Research shows that unemployment is less detrimental to mental health than having a bad job

When I found myself unemployed, I was understandably quite stressed, with a wife and three kids to support, no savings and no credit cards. But even in my darkest hours, I was still grateful to have moved on. Things have definitely improved for my own mental health now that I have found my dream job, but what about all those other folks out there? Is it better to be unemployed/underemployed or working at a lousy job?

There is a cliché: “The worst day fishin’ beats the best day workin’.” According to Stephen Bevan, Director of the Centre for Workforce Effectiveness, The Work Foundation and Honorary Professor at Lancaster University, one might also say that the worst unemployed still beats the best day at a dead-end job. In an article for the Conversation UK, Bevan states:

Psychosocial job quality involves the degree to which jobs promote control, autonomy, challenge, variety and task discretion. It effects the extent to which work enhances or diminishes our psychological well-being.

There’s a clear link between being engaged in “good work” and mental health. An important contribution to our understanding of this link has come from the Household, Income and Labour Dynamics in Australia (HILDA) Survey in Australia. It brings together a robust set of data that can be easily compared with other situations such as unemployment. The results, published by Peter Butterworth and colleagues at the Australian National University have global resonance for countries that are serious about developing an understanding of what being “better off” in work really means, beyond narrow economic definitions…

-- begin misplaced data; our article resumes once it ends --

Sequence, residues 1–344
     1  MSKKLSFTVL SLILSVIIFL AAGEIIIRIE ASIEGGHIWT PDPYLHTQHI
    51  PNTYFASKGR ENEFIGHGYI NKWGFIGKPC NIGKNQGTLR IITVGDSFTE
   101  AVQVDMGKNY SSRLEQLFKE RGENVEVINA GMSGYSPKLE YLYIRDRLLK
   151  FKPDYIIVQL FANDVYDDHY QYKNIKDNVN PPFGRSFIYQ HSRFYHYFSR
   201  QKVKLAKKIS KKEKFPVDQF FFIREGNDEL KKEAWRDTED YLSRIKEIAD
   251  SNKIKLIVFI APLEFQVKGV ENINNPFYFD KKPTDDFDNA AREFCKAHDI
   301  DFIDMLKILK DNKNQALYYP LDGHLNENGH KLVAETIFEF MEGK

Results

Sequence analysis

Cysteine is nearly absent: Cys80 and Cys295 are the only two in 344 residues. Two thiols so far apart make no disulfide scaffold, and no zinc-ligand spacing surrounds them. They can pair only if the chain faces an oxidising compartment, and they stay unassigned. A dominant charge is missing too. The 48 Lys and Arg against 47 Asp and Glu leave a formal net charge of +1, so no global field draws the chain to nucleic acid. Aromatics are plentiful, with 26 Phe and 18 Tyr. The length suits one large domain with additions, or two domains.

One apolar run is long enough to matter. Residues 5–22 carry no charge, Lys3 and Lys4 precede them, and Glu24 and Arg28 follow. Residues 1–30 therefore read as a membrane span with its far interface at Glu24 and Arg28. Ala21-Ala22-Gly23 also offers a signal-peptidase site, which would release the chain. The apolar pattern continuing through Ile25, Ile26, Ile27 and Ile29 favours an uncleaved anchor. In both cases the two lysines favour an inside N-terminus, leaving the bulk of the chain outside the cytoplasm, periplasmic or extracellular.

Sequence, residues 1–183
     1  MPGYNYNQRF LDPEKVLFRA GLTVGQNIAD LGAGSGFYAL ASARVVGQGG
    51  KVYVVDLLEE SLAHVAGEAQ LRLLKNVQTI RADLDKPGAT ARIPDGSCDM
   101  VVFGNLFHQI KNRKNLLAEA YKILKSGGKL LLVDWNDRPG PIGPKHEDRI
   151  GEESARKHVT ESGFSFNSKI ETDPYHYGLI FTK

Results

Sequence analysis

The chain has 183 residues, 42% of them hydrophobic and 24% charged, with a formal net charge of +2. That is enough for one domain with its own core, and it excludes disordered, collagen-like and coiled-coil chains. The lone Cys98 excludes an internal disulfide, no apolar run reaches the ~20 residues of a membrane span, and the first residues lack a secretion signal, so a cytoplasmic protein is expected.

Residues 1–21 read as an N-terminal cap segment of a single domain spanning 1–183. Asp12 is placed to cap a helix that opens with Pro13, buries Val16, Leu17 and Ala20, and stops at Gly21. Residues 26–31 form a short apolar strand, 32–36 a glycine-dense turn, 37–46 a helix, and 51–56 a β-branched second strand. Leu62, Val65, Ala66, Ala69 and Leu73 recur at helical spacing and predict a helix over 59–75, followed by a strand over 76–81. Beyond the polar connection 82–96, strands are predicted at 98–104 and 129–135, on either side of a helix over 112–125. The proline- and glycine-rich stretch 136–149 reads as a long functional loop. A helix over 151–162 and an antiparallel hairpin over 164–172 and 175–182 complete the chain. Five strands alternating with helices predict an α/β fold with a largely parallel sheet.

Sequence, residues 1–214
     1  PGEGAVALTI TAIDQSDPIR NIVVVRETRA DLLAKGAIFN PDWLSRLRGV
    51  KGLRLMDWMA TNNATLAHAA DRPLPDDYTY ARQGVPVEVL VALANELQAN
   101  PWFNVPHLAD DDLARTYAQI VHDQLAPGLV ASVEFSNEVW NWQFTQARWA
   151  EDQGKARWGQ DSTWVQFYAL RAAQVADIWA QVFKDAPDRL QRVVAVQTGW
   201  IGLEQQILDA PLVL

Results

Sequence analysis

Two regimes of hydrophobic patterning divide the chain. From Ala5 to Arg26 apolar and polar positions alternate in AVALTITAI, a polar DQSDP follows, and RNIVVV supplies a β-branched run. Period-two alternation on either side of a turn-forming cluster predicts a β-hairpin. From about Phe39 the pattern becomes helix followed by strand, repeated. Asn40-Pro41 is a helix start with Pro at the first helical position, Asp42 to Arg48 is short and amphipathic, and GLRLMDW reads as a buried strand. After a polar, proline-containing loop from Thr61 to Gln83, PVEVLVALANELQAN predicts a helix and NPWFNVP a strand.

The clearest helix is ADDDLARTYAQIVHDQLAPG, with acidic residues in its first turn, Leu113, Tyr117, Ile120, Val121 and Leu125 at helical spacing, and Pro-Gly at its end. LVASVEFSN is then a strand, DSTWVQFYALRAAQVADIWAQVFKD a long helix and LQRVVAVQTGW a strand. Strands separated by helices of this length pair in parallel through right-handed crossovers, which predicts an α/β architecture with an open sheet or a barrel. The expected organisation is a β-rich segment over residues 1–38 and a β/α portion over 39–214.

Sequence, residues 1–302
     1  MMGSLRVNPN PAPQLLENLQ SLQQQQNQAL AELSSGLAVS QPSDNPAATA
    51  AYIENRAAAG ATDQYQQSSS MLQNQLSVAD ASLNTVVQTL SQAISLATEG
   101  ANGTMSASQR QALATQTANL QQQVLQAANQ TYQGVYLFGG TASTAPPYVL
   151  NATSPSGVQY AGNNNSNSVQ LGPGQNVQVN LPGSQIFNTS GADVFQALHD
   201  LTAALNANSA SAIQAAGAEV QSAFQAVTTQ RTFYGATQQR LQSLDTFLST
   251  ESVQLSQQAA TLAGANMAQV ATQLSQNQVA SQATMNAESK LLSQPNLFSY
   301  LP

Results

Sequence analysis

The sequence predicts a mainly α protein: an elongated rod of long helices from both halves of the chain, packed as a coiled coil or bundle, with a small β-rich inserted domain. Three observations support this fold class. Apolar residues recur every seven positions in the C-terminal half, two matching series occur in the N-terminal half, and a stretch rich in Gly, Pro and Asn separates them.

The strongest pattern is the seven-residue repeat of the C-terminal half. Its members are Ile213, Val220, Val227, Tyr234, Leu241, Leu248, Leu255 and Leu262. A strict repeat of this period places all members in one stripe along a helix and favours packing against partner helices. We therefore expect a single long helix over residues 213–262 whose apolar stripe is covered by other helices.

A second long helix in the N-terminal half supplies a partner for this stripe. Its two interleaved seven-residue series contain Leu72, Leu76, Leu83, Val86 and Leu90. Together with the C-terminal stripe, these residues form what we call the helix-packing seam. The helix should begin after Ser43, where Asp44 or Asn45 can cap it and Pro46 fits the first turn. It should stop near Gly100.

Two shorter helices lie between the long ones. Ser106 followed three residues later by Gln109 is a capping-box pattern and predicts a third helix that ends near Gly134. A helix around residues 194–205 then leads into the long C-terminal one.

So now we have a slightly different answer to the question about the unemployed being better off in work. Yes they are, as long as they are in good-quality jobs. If they are in bad jobs, there is a perversely strong chance that they will be worse off – especially in terms of their mental health.

Source: The Conversation UK

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